Insofar as a string of ugly humpings can be dignified with the concept of a plot, Inconfessable Orgies Of Emmanuelle concerns the titular Emmanuelle (variously describes as English and French but speaking Spanish throughout) on a new honeymoon with her frequently cuckolded but forgiving husband Andreas. He's apparently a high ranking diplomat but still happy to shag his wife on the floor of a wax museum filled with laughable approximations of Hollywood icon lookalikes (if the dialogue hadn't named them as Minnelli and Bogart you wouldn't know). They then go to a disco complete with a live sex floor show, where Emmanuelle gets drunk and has a lesbian fling on the stage with a cabaret dancer named Maria whose entire schtick is to strip to her suspenders and sway about like she's trying to maintain her balance on the deck of the Woolwich Ferry. Andreas is understandably peeved about this and walks out; Emmanuelle then has another lesbian session with a middle-aged friend named Carmen. Meanwhile Maria gets off with Tony, a rich businessman and our sexist oaf of a narrator.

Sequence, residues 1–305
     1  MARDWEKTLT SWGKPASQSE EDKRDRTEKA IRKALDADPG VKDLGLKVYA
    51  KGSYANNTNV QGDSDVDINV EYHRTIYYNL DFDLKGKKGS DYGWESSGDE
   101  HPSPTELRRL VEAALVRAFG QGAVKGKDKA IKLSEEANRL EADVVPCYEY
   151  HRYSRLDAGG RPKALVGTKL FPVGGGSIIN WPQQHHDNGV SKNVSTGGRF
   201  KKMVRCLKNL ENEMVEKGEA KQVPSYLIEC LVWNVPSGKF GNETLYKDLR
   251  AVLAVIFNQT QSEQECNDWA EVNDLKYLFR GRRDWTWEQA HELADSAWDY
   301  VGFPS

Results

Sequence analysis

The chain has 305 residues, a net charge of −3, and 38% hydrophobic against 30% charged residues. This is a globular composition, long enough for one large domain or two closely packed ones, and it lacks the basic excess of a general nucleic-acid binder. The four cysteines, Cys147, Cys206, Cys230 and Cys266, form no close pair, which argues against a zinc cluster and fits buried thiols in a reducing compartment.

Emmanuelle and Andreas want to get back together, but then she's violently raped by two sweaty thugs who haven't shown up before and don't show up again, and the incident is never mentioned. Instead Emmanuelle gets off with Maria, and then later with Tony in what he describes as "how a Spaniard really makes love" and which takes about seventeen seconds. Never mind using your man to time a soft-boiled egg, you couldn't use Tony to time a hand grenade. Eventually Tony and Maria get off with each other while Emmanuelle and Andreas reconcile in the next room and the whole tiresome menage-a-cinq stops.